The Overview Effect: Nicola Williams Reviews Paul Munden and Peter Bakowski

By | 6 March 2024

Amplitude by Paul Munden
Recent Works Press 2022

Our Ways on Earth by Peter Bakowski
Recent Works Press 2022

I do— I want that sensory
fill, that startling stereo-

                               phonic effect of time

- Paul Munden, ‘Greensleeves,’ Amplitude (6)

In the music library at the Barbican Centre in London, the walls are lined with symphonies and sonatas, rigoletti and reference books for jazz and opera. Two men gossip about a composer. A man wearing headphones is silently learning the piano. His teacher, a woman with a grey bob, sits next to him at the electric keyboard and nods. The atmosphere is hushed and people work at shared tables, or listen to music in booths. It’s here that I open Paul Munden’s collection, Amplitude (2022), and realise that it is a kind of musical encyclopedia, moving from classical to baroque to the Romantics, from jazz to film scores to synth-layered noise to the Beatles. Told over 145 pages of poems, it is a playlist, a score, a symphony in six movements, its music telling “the essential story” of the poet’s life (87). It opens with an epigraph, a line from Nietzsche: “My soul, a stringed instrument, sang to itself, invisibly touched” (4).

The collection starts with a stop. In the opening poem, ‘Baroque,’ something snaps while the poet tunes a violin – not a string, but a tendon (5). It is a rupture that launches the collection, the repair of which one hopes to witness as the poems unfold. We can see in poems such as ‘A Gift,’ where the poet retreats to a quiet room at a raucous party (also to tune a violin), that the instrument is not a simple pastime. It is a proxy for the poet’s voice, a way of speaking and a means of participation. In an orchestra, one’s own part joins others to build the picture of a whole; to create a symphony, rich with layering. This is what the poet craves: “sensory fill,” a “stereo-phonic” surround-sound experience (7; 7). Instead, unable to play, he drifts towards “monotony” (meaning ‘single note’) and isolation (7). There is a sense of a rupture greater than that of a tendon, of loss so significant that life’s symphony has retreated towards the lonely note-by-note music of a broken chord. Over the course of the collection, the reader pieces the fragments together, a sense of understanding emerges, and we follow the poet’s slow return to being part again of the orchestra of life.

Most of the poems are derived from sonnets. In what Munden calls “half-rhyming triple-deckers of 42 lines,” stanzas are split in half and zigzag across the page, the way a hand moves through an arpeggio (a broken chord) (145). Or perhaps the flow of stanzas from left to right to left is the shape of a wave, not only water but sound. In layman’s terms, ‘amplitude’ means ‘volume’ – louder, quieter – but, technically speaking, it is displacement of a sound wave from the equilibrium position. Reading, one is always rocked, knocked off balance, recovering. Rhymes are re-located. They are, symbolically, gone too soon or late. It is hard to see where a poem might be going: the poetic form of love and longing is broken up into a series of hairpin turns and the neat resolution we expect is disrupted. In ‘‘Road Closed’,’ the poet ignores a sign and drives along a “sequence / of hairpin bends / towards the summit” only to find a “sudden, huge stone / fallen in the road” (58; 58). A warning then for ignoring signs, as if the reader is being implored: pay attention. Be alert to signals that might help make sense of a pervasive sense of dread.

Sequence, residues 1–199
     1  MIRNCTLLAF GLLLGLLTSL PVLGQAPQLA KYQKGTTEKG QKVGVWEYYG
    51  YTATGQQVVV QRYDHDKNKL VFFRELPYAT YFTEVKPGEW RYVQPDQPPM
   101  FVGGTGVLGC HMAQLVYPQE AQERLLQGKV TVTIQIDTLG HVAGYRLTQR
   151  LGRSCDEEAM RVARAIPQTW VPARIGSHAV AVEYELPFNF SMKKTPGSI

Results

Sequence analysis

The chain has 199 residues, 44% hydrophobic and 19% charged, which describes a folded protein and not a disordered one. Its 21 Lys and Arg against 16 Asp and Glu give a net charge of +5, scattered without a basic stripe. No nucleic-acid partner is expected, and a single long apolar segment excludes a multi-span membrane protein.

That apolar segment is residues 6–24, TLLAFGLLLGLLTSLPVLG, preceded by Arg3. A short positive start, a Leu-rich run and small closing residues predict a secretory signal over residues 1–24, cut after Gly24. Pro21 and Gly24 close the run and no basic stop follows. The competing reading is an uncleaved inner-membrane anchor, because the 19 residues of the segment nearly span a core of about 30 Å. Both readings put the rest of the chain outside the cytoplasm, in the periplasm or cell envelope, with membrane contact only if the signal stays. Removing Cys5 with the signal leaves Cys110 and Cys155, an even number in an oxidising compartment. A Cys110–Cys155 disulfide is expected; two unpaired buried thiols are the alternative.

Apart from the sonnet variations there are also prose poems, which skip by association between different chapters of memory. Words and motifs repeat and retreat, subtly shifting in meaning with each return. In ‘Orange,’ the colour threads through a lifetime, first as a slug of paint, then a coil of fruit peel, then a neon cord tied around a copy of Italo Calvino’s Invisible Cities (54-55). In the section ‘Sightreading La Sirenetta,’ a young child bounds across a landing to ask her father about a city where the streets are made of water. In the following poem, dedicated to the poet’s daughter, two people navigate the streets of Venice. In the next, a girl is dangerously close to a pond. In ‘Enfant Terrible,’ a father is “drinking himself to death under a harsh southern sun on the far side of the world” (10). Later, in a section entitled ‘Intermezzo: Australia,’ the poet sits at his “father’s / desk—I want to see / what the past looks like once it’s travelled / across the world” and sees, in a “quarter bottle of cognac,” “deep within the ripples of Christmases past, is the future” (46; 45; 45). In ‘Sound Effects,’ the sound of a wedding party in full swing skips from the “noise of purest joy,” through the molten creation of a bronze bell to the music of a church ritual that may be matrimonial or funereal (76-79). A cassette with a date written on it launches the memory of a wedding yet is full of foreboding; a happy moment when life is all ahead is counterpoint to a moment when it is suddenly, terribly, over:

I stumble on the penciled date
31st October, 1981, and as I slip the forgotten tape into the deck